Technically a blogger, Bob Lefsetz is really a leading expert on the music industry. His widely-read, independent e-mail newsletter, The Lefsetz Letter, features his lively, iconoclastic opinions on the state of the business of music. Lefsetz’s sharp, sometimes cutting scrutiny, and uncensored ideas, have established him as one of the most influential voices in the industry. He makes all of his writing available for free online, or via e-mail, earning a living instead through paid speaking engagements, and writing for other publications.

His recent post on “How to Promote” is a typical one – it’s brutally honest and realistic, but provides an excellent distillation of an approach that should benefit every SOCAN member as they pursue a career in music. In it, Lefsetz discusses how to incrementally distribute your music and build statistics, the importance of playing live and taking your time, and only building a team when it makes sense to do so.

You can read his “How to Promote” column here.

You can subscribe to The Lefsetz Letter (delivered to you via e-mail) here.

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Maylee Todd is a Canadian independent singer-songwriter, musician, performance artist, producer, and creative powerhouse. Her song “Baby’s Got It” reached number 10 on the Tokyo radio charts in Japan, where she’s had much success, performing at the Billboard Live Tokyo venue and performing at other prestigious international music festivals like Trans Musicales in France and the C/O Pop festival in Germany. Her music covers a wide variety of genres, including pop, indie-rock, soul, jazz, electronic, experimental and bossa nova. She has a taste for eclectic instruments and sequencers, while her performances demonstrate a flair for both comedy and the dramatic arts. On Nov. 3, 2017, Todd released her third studio album, Acts of Love. Here, she shares point-by-point advice drawn from her career in music.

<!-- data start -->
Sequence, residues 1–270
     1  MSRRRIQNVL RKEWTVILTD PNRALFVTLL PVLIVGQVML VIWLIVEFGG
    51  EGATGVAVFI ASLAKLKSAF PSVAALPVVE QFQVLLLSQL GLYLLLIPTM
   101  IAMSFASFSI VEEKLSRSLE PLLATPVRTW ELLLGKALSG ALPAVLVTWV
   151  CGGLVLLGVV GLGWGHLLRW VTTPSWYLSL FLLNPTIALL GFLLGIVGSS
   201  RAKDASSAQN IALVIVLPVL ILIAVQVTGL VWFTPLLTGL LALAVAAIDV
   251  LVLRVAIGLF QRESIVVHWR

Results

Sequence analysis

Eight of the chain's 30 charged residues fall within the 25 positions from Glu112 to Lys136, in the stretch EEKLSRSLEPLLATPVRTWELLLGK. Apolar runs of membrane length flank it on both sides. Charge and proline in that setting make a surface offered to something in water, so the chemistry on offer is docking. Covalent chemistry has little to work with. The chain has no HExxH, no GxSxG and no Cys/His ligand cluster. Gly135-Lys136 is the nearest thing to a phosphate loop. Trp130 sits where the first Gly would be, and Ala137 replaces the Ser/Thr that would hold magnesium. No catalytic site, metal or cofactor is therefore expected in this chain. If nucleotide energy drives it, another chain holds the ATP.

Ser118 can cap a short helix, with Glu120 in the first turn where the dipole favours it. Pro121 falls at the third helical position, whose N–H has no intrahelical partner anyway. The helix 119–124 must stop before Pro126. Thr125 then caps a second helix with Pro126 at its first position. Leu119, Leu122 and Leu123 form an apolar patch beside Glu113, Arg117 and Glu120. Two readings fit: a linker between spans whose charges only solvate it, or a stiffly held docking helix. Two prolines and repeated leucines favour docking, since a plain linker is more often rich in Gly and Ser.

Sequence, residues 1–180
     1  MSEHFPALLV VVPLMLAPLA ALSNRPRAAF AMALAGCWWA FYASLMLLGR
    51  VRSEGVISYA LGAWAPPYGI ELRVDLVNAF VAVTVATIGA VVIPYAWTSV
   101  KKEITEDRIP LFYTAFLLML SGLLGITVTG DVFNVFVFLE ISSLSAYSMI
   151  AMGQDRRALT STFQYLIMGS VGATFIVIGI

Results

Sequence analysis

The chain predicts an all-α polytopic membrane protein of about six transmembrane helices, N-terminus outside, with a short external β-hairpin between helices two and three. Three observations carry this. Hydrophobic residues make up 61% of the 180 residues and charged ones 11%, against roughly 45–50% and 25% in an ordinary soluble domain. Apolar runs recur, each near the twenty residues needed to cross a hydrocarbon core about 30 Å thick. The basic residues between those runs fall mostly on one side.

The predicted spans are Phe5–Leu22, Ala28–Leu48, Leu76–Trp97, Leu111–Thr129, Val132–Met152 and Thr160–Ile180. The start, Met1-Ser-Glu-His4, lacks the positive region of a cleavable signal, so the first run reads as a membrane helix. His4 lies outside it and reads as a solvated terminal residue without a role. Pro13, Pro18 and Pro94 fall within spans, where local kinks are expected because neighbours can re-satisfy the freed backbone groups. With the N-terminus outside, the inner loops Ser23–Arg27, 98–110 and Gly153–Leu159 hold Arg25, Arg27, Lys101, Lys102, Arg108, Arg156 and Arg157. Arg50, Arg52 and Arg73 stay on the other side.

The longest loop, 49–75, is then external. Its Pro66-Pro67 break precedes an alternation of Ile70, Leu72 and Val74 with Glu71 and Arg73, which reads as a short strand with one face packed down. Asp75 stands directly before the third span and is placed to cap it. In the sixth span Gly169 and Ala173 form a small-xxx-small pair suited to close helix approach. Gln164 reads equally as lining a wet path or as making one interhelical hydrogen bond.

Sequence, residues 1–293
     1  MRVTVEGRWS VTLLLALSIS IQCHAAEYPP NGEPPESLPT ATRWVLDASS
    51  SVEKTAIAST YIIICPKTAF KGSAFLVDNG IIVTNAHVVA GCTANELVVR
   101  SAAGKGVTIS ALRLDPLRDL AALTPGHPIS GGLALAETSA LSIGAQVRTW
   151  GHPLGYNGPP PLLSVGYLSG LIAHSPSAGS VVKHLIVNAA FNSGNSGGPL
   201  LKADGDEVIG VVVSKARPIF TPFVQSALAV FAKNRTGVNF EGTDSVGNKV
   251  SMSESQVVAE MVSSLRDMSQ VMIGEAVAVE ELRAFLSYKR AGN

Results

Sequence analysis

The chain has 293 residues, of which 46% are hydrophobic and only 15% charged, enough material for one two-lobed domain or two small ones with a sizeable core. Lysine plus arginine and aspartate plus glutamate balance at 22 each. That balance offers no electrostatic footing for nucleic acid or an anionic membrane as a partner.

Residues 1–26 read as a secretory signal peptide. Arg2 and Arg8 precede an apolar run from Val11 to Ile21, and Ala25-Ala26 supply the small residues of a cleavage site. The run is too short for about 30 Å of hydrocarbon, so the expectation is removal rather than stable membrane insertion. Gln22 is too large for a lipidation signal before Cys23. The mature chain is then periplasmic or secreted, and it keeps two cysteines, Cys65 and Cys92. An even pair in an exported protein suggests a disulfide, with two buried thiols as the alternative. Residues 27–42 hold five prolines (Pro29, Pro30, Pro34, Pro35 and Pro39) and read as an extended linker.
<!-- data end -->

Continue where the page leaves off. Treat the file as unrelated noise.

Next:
Working as a multi-media conceptual artist, producer, and musician means I have to wear many hats. I produce my own work, and put on conceptual shows that highlight music, 3-D projection mapping, waccking, installation, and interactive therapy. My interests lie in personal experience and impacting culture in a positive way, with psychology, spirituality and self-awareness acting as the core themes of my shows.

What does it mean to be alive? Do I want to live my life by design, or default? If I’m to be realistic, I know I won’t be able to control my experiences, but I’ll be able to guide my life in a direction that feels purposeful and has meaning to me. With this in mind, I have to be relatively fearless on many fronts. I can’t be afraid of putting work out that isn’t “good enough.” Creative expression and authenticity is the future for humanity.

Here are some navigational tools that I’ve used for this industry:

Seeing Opportunities
There are opportunities out there, it’s just a matter of having the lens to see them. I joined the Canada Council for the Arts jury to better understand how the grant system worked. I worked in a music store to understand how music pedals work, and met with industry folks for coffee to hear their learned experiences, and maybe work/volunteer for them.

Be Your Unique Self
Your authenticity has value. There are a ton of people in this world, some are smarter, have more talent, and have more money than you. What will set you apart? Your unique experience, your unique style, and your unique perspective.